New Boise State football coach Andy Avalos sat down with the Idaho Press earlier this week for a wide-ranging discussion about his first month on the job. The full interview can be heard on the Bronco Report Podcast at BlueTurfSports.com. Here’s a portion of the conversation:
IDAHO PRESS: It’s been almost exactly a month since you were hired as Boise State’s coach. You’ve hired a staff and added two players on Signing Day. How do you feel the first month of the Andy Avalos era at Boise State has gone?
ANDY AVALOS: Obviously we had some goals and objectives for the first 30 days and we’ve accomplished those and more. We’re ahead of where we wanted to be at this point so that’s obviously a good feeling. Now it’s very important where we grow forward from here in terms of this environment and how we collaborate to build this environment that we want to live in. That’s been the fun part, just being back here around the players and being back in this community and being able to create new relationships with the guys on the team that we didn’t know and obviously see the ones that we know and recruited and all those things. It’s been a tremendous amount of work understandably, but it’s been unbelievably fun too. The coaching staff, the energy they are bringing, the vibe and to watch them work together, it’s been really fun to see.
IP: Do you still wake up and pinch yourself? Has it hit you yet that you are the head coach back at your alma mater?
AA: When I hear people say it like you just did it kind of hits me again, but honestly I haven’t even thought about that. It’s more so about the responsibilities and what needs to get done within our plan every day. We get up early and we hit the ground running. We have a good crew of guys that work out bright and early in the morning before the sun rises and then we get started with the things we need to accomplish during the day. It’s been really fun. It’s a humbling experience and a challenging experience.
We learn and grow every day all together and we intend to keep doing so as we proceed forward.
IP: You’ve assembled a unique staff. Three coaches from the FCS ranks, including two from UC Davis, as well as two more from Utah State. You also retained four coaches from the previous staff. What most excites you about the group you’ve put together?
AA: Well No. 1 is who they are as people. They are very engaging and fun and it’s real. That was one of the biggest things. It starts with the people first. We’re all people and we’re very fortunate to be part of this game and at this university, but if you want to create a great environment it starts with the people, so being able to see them operate and how they move through the building now that they are all together here as well as the recruiting staff, the strength staff, the gas, it’s not just the 10 full-time coaches — it’s been unbelievable to watch.
IP: Eight seniors elected to take advantage of the NCAA rule allowing them to come back for another season in 2021 — wide receivers Octavius Evans and CT Thomas, offensive linemen Jake Stetz and Uzo Osuji, nickel Kekaula Kaniho, linebackers Riley Whimpey and Brock Miller and specialist Joel Velazquez. Were they the only eight seniors offered the chance to come back or how did that work?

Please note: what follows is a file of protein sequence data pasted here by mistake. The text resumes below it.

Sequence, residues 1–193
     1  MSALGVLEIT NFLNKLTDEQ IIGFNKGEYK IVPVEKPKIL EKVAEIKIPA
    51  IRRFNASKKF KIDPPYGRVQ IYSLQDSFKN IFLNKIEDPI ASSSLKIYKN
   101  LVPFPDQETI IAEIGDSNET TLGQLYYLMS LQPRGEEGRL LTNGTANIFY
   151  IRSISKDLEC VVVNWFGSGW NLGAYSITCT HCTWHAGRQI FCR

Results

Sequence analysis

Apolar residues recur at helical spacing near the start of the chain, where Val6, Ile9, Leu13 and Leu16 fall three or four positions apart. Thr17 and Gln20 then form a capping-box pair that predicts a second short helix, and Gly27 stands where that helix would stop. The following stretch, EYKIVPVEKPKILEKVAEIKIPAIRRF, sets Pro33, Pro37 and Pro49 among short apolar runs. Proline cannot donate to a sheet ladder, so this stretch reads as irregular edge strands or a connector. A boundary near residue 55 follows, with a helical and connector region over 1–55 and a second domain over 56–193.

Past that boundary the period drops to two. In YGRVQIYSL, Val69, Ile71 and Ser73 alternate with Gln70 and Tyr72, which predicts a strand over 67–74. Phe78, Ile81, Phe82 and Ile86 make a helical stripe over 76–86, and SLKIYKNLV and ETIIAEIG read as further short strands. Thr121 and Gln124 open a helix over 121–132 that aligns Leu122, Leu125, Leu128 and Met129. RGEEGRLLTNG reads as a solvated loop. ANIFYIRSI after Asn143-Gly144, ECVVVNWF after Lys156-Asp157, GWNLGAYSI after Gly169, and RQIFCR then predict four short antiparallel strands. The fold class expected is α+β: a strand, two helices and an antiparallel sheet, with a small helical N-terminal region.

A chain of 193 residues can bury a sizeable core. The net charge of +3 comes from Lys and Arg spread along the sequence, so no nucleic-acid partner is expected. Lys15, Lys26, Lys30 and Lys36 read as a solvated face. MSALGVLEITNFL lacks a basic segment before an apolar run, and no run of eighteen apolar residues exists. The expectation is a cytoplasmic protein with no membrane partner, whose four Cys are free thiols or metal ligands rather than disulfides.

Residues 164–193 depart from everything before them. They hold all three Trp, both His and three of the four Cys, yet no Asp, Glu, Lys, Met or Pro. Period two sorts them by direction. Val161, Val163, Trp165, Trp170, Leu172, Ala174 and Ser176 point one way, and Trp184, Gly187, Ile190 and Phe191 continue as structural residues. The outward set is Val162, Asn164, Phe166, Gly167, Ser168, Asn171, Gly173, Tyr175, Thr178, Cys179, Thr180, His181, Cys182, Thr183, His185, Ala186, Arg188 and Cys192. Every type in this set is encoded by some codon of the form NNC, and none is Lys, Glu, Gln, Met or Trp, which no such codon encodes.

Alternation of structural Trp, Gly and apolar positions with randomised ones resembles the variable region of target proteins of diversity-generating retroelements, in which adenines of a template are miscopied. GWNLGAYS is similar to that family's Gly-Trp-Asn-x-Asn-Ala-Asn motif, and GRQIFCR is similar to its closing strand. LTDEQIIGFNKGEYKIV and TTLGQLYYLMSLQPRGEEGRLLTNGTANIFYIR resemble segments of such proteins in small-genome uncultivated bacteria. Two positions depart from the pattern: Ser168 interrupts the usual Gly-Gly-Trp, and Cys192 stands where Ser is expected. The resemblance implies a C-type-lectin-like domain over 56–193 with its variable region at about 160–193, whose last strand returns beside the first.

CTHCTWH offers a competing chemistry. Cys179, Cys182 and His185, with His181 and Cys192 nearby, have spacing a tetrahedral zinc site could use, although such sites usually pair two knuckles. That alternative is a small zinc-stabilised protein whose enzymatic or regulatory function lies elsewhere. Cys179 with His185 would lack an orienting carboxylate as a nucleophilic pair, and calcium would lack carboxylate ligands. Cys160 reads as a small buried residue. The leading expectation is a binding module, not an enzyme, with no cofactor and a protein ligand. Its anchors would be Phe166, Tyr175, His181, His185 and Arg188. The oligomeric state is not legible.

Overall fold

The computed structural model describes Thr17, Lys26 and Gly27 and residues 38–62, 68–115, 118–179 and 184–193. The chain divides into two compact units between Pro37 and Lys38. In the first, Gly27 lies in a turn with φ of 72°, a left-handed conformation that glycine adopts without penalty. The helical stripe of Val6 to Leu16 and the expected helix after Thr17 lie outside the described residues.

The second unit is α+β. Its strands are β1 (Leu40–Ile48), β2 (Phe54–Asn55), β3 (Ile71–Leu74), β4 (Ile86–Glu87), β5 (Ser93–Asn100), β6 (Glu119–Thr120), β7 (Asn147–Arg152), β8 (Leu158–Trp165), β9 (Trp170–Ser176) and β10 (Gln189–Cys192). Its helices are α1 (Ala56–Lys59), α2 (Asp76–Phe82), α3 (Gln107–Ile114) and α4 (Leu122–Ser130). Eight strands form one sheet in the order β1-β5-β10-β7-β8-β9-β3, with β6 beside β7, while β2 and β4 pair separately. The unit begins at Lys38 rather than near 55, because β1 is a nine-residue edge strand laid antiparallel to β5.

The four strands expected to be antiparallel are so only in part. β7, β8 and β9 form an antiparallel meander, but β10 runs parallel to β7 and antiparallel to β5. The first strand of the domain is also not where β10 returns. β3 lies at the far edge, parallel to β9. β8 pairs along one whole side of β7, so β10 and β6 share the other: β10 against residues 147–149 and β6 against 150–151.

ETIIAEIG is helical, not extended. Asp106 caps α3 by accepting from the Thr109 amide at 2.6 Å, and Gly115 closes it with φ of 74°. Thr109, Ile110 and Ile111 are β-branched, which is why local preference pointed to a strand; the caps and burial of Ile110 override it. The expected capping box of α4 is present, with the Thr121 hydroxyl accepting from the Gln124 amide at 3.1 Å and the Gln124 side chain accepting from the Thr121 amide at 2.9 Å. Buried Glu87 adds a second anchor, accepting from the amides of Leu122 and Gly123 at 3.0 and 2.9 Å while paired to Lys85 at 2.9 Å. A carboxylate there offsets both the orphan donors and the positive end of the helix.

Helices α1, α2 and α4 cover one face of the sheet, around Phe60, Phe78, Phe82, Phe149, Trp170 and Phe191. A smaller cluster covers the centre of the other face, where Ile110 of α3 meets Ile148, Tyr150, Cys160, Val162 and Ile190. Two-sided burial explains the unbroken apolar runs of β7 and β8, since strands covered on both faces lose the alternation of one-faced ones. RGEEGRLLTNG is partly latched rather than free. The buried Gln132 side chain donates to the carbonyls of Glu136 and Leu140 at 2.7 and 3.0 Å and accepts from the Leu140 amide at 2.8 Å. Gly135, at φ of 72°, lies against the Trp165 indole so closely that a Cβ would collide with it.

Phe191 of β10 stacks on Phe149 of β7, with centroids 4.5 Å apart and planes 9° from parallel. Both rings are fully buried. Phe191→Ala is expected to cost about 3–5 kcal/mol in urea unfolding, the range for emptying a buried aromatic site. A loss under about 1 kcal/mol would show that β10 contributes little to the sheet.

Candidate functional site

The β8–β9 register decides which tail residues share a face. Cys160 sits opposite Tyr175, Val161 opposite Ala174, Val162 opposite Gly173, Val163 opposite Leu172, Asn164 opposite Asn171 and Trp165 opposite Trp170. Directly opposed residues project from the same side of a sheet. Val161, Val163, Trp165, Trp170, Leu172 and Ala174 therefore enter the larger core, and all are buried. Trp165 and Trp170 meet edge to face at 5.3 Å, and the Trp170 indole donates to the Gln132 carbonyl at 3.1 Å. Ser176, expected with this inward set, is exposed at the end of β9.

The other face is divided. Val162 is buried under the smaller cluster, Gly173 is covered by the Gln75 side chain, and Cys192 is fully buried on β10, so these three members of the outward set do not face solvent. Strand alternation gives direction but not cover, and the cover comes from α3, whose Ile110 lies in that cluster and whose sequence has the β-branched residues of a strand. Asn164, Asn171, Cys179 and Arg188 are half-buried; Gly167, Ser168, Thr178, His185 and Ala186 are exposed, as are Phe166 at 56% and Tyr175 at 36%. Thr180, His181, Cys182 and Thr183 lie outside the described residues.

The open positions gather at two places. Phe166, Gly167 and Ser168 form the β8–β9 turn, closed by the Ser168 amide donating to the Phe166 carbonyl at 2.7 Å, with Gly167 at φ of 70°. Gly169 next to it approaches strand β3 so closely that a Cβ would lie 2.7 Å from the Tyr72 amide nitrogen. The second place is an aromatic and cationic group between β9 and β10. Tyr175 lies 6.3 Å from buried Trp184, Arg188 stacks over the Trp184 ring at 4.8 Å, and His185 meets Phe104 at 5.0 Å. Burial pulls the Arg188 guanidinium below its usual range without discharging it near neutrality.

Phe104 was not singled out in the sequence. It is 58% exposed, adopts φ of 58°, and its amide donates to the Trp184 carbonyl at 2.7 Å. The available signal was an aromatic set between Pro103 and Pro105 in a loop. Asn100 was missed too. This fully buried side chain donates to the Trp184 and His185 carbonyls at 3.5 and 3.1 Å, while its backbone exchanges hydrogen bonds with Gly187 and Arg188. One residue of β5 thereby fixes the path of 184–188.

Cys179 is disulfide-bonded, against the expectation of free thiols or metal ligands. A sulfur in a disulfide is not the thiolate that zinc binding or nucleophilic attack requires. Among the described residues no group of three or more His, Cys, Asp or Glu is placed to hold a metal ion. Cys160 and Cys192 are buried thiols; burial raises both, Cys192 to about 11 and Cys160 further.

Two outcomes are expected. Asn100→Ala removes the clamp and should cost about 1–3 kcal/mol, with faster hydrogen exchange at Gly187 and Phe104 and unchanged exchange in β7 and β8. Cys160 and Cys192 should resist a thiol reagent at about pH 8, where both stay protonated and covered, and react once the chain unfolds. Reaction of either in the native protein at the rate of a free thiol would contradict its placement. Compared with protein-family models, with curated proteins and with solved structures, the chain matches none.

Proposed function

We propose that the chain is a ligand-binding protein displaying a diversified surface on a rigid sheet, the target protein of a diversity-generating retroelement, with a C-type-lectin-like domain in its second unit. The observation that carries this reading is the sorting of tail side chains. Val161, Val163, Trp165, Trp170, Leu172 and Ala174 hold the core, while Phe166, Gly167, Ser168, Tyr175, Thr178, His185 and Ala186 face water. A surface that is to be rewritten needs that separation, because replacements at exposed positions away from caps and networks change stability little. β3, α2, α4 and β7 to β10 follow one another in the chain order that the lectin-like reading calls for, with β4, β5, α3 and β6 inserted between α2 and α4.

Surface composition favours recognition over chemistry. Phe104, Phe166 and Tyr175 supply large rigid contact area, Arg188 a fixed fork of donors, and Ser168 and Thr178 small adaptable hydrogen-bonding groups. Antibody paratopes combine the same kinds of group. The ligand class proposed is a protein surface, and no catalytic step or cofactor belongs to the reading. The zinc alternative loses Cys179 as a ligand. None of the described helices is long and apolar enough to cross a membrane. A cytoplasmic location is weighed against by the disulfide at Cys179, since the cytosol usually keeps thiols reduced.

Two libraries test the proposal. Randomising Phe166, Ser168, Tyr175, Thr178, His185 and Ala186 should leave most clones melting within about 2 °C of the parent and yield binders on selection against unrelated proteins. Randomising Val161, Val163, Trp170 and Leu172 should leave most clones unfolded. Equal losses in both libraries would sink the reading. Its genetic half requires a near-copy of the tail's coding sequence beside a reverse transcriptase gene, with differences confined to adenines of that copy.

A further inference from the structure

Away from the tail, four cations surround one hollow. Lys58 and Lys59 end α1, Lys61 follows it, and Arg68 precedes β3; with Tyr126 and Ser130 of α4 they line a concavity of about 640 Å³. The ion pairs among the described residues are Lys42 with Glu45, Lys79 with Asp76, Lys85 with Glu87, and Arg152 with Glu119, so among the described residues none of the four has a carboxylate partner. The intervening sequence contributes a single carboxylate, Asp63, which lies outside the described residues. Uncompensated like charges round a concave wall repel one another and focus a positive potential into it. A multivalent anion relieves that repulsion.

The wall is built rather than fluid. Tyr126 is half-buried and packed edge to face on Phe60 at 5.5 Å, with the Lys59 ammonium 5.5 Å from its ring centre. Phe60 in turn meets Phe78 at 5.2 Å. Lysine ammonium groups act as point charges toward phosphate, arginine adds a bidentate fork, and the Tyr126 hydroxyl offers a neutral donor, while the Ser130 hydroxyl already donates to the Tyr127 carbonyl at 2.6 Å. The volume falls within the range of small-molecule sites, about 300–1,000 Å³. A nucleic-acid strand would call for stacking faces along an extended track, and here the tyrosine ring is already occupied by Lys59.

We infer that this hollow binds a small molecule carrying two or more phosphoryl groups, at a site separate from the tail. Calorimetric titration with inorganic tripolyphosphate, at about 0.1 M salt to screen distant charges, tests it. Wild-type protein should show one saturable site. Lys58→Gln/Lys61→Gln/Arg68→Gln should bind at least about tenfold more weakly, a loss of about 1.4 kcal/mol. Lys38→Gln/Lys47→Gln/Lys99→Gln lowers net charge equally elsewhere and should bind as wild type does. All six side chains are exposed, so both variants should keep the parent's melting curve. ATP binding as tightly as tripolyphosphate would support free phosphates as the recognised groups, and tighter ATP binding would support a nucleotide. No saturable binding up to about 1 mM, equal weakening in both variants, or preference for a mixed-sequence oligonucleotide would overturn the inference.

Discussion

AA: The ones that were interested in coming back, they had unfinished business they wanted to settle and got the opportunity to come back. There were a few more kind of on the fence, but obviously in order to do this, football is a very, very demanding sport that takes a lot of sacrifice and your heart has to be all the way in on it. Naturally last year was a very tough year so the eight players that decided they wanted to come back, those are the ones that are obviously coming back. In terms of providing the opportunity, the discussions had already been back in terms of who wanted to come back and those types of things when we arrived. These were the eight and we are excited to have them be able to come back.
IP: Just to clarify, a team typically gets 85 scholarships. Does this mean you can have 93 next year and if so, that obviously means a bigger expense for the athletic department?
AA: Yeah, we get the 85 plus the eight super seniors. (New AD) Jeremiah Dickey made that opportunity happen. Not only from the standpoint of organizing and then being able to generate through our donors and people that help the program to facilitate the means to bring those eight back and not have it affect the 85 which is unbelievable. That’s an unbelievable feat. This is a new element of college football, this has never happened before and we’re both new, we both jump in and the bottom line is that we’re going to take care of the super seniors that decided they had unfinished business and wanted to come back. Being able to square that away was very good.
IP: As a coach with a defensive background will you be heavily involved in the defensive game plan and sitting in those meetings more so than maybe the offense?
AA: Defensively it will be more for support. We hired people and we put people in positions so they could go forward and lead and operate and I’m fully confident in those guys. Having a lot of experience on defense I’m here as a resource and I’m here to bounce ideas and help with whatever I can, but I won’t be sitting in those meetings day in and day out. Offensively it’s the same thing. I’m a resource. I can look at defenses for the offense and breaking defenses down, what are critical things that make that defense effective and things that could break them down, that’s what I can provide offensively and defensively. And then I’m going to coach special teams. Everybody in this program is going to be involved in special teams. I’m excited about those things, I really am.